Trust in science (and politics and media) is eroding. Politics and media try to draw on the remaining trust for science thus eroding the foundation of trust even more. Communicators can help re-establish trust with transparency.
There’s a new buzzword in German politics: “Lügenpresse” (mendacious press). Many people show growing distrust in the traditional media, some even believe in a big conspiracy scheme. (This holds true for many people all over the world, just read the great piece of Dave Eggers in the „Guardian“ on a Donald Trump rally.) Conspiracy theories are not limited to the political realm, more often than not science or scientists, sometimes pseudo‐scientists, are involved: anti‐vaccine movement, so‐called climate skeptics, GMO advocates and anti‐GMO people, animal research, or, on the more ludicrous side, the proponents of “chemtrails”. It’s not always pseudo‐science that fuels the debate. The lines between pseudo‐science and real science are blurred. Where does advocacy start, where does science end? Take, for instance, Gilles de Séralini and his skewed study on rats growing tumors after being fed GM corn (see, for instance, here and here for references). Another example is Björn Lomborg, political scientist and author of “The Sceptical Environmentalist”.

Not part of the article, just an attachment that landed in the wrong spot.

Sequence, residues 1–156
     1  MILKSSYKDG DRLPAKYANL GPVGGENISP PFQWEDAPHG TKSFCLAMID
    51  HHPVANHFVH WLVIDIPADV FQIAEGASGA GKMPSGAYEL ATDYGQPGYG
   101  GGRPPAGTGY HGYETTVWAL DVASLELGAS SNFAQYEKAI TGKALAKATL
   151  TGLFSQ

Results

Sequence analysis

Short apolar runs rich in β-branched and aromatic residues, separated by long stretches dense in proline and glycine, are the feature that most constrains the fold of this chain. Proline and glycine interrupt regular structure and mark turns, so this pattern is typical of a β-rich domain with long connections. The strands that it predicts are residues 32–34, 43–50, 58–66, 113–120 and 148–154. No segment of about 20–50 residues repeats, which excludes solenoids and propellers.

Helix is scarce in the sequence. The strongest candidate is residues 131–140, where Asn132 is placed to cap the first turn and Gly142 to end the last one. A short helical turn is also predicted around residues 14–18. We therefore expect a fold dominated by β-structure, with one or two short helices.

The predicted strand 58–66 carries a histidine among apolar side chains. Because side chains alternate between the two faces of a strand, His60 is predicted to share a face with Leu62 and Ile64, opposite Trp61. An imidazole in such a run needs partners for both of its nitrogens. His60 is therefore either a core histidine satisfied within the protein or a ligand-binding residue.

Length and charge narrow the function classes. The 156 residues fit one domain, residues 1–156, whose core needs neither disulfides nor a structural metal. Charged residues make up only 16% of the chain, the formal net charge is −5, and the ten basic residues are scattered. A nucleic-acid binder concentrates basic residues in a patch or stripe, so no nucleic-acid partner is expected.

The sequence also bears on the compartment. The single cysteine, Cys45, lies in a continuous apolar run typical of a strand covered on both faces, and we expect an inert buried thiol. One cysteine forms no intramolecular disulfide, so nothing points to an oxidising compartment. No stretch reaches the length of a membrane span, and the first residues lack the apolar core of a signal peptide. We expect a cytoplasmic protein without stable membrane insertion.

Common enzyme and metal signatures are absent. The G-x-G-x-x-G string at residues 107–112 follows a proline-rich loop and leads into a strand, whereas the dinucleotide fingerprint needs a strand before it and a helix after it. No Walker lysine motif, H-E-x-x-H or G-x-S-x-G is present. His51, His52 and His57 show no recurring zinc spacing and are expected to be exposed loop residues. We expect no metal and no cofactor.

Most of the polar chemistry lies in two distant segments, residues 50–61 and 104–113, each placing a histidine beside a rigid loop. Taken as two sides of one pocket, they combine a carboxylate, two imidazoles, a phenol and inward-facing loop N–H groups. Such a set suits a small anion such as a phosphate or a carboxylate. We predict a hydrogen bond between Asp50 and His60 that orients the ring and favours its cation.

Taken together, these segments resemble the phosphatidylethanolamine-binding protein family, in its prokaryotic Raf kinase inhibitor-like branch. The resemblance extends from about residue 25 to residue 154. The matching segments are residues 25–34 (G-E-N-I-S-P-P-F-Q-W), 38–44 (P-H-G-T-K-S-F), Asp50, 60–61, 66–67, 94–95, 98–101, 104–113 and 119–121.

Polls show a general decline of trust in many institutions and professional groups, especially in media and politics. Scientists are still amongst the most trusted people. However, the systems of science, politics, and media are closely intertwined; be it through funding, through scientific backing of political decision‐making or through selling attention. Even more so, I think that media and especially political organizations (eg. parties, NGOs, Think Tanks) try to boost their waning credibility through using science and scientists as a source of trust.
Some scientists leave the scientific system to advocate for certain causes, be it for ethical reasons or money or political or personal career. Worse: Some scientists stay in the system but start to advocate. What they do: They stay nominally in the scientific system but they are actually acting outside the system. Cheating means leaving the system. Misinforming means leaving the system. Withholding information, eg. the sources for funding, means leaving the system.